The Rural Municipality of Hanover, Manitoba
All about sustainability
Business View Magazine interviews representatives of the Rural Municipality of Hanover, Manitoba for our focus on Economic Development in Canada
With its roots firmly planted in agriculture and its sights set on a bright future, the Rural Municipality of Hanover, Manitoba is following a strategic vision for sustainable growth based on a fiscal, environmental, economic, and residential development perspective, while also focusing on the importance of maintaining the region’s local culture and history.
The local government of the RM is accomplishing this through thorough planning, careful execution, partnering with other municipalities, and lobbying the provincial and federal governments to make investments in infrastructure for the future. But in case those plans don’t work out, they’re already making moves on plans B and C.
That kind of forward thinking when it comes to sustainable construction, environmental awareness, and future opportunities is bringing the rural municipality into focus for businesses all over the world – making it one of Manitoba’s premiere places to set up shop. Reeve Stan Toews believes that is one of the reasons for their popularity. He notes, “We’ve had good growth for many years in a row now, I guess it’s because there’s always something happening in Hanover.”
Hanover has been gaining traction over the last 20 years with immigrants, and more recently, with COVID-19, they’ve seen an influx of people moving into the RM to get away from the hustle and bustle of nearby Winnipeg. Wanting to bring more recreation and outdoor activity and a healthy work/life balance into their lives, while still maintaining their office job. The feasibility of working remotely during the pandemic has allowed those people the option to relocate from the city and they are seizing the opportunity.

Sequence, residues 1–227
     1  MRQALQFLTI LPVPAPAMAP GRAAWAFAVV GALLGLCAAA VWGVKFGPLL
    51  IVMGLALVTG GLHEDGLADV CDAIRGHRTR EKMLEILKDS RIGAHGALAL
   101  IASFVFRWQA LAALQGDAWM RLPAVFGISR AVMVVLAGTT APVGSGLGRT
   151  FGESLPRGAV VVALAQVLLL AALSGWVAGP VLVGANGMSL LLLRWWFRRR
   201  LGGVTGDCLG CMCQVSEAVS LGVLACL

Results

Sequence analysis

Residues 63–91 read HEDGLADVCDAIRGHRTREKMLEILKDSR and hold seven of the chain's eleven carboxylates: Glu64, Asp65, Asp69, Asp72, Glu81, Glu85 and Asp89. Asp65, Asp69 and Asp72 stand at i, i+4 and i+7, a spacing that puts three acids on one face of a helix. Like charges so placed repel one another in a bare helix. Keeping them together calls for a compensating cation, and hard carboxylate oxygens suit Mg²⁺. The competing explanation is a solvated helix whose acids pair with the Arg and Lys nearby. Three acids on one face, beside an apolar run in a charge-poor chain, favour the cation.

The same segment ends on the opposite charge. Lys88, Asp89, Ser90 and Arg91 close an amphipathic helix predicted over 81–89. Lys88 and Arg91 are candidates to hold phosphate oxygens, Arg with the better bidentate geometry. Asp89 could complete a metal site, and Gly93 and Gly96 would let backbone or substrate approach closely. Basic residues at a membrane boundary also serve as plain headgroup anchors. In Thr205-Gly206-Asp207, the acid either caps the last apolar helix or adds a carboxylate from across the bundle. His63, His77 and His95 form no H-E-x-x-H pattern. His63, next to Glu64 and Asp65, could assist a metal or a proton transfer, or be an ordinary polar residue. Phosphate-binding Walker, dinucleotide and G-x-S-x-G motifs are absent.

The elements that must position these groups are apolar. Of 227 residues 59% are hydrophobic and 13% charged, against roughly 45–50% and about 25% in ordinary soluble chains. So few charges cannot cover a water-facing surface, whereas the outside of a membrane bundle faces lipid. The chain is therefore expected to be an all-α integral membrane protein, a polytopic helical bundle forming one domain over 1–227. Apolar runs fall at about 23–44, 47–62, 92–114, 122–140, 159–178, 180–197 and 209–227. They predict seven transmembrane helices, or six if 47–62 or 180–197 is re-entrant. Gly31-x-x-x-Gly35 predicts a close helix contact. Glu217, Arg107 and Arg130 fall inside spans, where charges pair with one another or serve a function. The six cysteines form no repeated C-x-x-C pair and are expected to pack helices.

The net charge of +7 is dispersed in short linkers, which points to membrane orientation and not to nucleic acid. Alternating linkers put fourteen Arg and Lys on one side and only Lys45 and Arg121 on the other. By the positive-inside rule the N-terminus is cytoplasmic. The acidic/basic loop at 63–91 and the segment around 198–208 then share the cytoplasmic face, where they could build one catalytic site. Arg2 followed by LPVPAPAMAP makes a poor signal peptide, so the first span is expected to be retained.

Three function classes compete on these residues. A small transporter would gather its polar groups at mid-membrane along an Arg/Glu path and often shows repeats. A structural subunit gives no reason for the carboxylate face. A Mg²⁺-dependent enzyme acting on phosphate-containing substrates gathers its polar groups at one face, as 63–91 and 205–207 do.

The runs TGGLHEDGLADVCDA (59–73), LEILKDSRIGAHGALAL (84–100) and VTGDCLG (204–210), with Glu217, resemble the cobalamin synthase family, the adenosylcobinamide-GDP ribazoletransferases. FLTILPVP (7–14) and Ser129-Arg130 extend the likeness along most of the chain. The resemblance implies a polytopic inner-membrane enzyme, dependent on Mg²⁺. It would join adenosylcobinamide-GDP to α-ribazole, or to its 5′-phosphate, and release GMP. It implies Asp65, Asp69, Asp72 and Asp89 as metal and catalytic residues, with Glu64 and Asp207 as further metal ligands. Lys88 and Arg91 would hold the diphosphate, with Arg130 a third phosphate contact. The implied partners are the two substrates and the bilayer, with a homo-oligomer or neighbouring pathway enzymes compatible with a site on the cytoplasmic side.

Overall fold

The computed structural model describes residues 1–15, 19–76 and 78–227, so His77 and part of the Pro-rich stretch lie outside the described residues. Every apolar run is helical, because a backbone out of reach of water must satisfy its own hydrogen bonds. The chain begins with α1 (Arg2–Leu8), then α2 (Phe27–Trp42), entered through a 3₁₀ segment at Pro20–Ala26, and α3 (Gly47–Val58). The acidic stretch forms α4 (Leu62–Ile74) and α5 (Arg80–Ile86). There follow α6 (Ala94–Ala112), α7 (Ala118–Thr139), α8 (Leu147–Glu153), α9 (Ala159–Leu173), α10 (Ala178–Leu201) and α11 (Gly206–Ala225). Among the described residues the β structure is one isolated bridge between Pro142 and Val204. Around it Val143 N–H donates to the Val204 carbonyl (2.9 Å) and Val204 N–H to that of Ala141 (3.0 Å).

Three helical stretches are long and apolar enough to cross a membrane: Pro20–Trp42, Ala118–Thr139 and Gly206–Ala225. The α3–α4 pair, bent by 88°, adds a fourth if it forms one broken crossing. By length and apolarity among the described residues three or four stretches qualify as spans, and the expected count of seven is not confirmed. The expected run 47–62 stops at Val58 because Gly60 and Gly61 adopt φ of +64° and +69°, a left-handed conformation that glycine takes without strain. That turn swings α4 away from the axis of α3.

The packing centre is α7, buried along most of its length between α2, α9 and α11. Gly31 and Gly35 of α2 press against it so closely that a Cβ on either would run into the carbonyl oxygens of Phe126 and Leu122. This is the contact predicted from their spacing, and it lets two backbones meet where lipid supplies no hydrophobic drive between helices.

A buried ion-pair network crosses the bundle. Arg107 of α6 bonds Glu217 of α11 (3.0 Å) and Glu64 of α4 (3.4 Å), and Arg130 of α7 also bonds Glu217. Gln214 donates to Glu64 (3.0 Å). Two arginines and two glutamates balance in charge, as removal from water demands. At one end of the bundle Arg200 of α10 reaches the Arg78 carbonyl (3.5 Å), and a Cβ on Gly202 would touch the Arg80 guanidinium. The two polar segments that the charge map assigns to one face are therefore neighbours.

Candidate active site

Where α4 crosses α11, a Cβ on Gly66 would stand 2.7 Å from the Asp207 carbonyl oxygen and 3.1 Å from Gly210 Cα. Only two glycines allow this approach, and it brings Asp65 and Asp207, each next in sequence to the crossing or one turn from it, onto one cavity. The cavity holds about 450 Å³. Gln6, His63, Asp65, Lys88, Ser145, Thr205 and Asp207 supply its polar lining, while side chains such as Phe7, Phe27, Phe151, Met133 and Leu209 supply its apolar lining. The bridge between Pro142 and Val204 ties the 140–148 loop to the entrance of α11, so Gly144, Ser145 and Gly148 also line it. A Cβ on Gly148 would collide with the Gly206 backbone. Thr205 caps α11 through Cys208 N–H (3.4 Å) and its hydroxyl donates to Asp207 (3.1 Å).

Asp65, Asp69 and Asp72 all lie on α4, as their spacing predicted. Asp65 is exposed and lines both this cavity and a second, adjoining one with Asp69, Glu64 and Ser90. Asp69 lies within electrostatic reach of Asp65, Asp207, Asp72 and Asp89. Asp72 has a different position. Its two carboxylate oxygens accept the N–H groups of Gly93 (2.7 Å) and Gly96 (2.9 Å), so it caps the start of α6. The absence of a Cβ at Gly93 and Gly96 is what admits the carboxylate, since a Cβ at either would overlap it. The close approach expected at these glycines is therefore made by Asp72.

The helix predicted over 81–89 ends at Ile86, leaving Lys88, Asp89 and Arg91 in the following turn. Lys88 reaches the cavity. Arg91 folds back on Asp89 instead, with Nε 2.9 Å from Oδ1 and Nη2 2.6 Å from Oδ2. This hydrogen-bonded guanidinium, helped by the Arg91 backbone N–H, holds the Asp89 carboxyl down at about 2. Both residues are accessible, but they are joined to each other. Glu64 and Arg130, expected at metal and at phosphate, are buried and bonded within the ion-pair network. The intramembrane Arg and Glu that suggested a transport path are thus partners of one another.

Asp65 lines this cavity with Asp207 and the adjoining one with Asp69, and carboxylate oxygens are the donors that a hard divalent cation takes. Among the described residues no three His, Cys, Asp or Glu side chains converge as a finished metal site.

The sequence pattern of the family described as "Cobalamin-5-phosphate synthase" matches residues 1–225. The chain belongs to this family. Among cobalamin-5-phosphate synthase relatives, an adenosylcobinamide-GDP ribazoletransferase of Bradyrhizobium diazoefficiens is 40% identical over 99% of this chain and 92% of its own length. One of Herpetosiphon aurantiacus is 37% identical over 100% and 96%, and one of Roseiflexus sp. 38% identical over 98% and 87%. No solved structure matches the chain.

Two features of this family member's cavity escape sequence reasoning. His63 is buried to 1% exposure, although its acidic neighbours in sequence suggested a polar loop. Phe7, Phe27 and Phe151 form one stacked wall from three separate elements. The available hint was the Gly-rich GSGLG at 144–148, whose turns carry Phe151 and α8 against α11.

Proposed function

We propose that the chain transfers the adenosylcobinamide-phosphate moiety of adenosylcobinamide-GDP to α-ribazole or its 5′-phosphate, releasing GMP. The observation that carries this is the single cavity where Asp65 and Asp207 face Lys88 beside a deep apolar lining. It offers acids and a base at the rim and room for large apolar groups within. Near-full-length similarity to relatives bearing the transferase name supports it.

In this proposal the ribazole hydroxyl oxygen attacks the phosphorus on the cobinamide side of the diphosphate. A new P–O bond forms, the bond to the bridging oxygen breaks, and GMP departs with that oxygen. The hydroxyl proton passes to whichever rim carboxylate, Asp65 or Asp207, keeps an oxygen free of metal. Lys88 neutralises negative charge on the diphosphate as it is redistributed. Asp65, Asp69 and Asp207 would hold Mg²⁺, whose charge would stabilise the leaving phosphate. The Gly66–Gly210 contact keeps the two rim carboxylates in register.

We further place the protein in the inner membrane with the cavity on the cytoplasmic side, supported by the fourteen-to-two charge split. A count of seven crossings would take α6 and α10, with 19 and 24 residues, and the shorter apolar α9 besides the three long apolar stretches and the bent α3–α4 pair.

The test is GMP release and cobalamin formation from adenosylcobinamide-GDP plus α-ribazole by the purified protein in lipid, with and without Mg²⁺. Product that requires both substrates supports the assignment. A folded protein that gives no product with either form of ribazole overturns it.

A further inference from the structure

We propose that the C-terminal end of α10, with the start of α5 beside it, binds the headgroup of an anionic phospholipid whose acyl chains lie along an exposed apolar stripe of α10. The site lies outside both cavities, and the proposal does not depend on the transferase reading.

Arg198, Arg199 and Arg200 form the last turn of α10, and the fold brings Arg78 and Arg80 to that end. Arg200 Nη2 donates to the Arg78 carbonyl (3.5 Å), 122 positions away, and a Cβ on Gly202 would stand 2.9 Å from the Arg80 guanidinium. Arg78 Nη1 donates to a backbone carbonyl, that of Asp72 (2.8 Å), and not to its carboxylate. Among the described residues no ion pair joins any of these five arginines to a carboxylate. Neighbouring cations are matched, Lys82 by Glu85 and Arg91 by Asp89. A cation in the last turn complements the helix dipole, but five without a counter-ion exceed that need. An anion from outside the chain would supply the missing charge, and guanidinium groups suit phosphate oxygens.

Economic Development Consultant Gordon Daman has an immense appreciation for how the RM is planning to move forward. He explains, “Hanover is taking a profound lead in relation to recognizing the importance of long-term sustainability – not only economic but ecological, as well. From an environmental perspective, recognizing the importance of being responsible, we have planned and managed growth with the three neighboring municipalities; having the opportunity to do more together than one can do alone. Also, from a fiscal perspective, it’s more efficient to work together on that basis. But most importantly, its going to be addressing the impact, the footprint, we create. We’re going to manage development in a responsible way, so it’s affordable for residents and commercial business partners in the municipality.
“Looking at the downstream effect of climate change, as well as stewardship of Manitoba’s numerous waterways, it is extremely exciting moving forward. We have a particular state waste water treatment facility project right now before the provincial government, in consultation with the federal government, to look at sustainable, long-term growth for the community. It is also extremely important for the region, as we move forward in a post-pandemic environment.”
Hanover has a population of just under 20,000 and is about an hour drive to the centre of Winnipeg, the capital city of the province. Hanover is also the most populous RM in Manitoba, made up of five communities including Mitchell, Blumenort, and Grunthal – the more urban communities – while New Bothwell and Kleefeld are smaller villages.
Today’s RM is a little larger than the area set aside as a Mennonite reserve in 1873, referred to as the East Reserve. In 1880 it was named Hespeler, after the man who brought the first settlers to the area in 1873. On May 25, 1881, the municipality of Hanover was created and the east reserve was separated into two municipalities. In 1890 the municipalities of Hespeler and Hanover were amalgamated into the RM of Hanover. The area was settled mostly by families from Western and Eastern Europe and the RM continues to draw people from those countries today.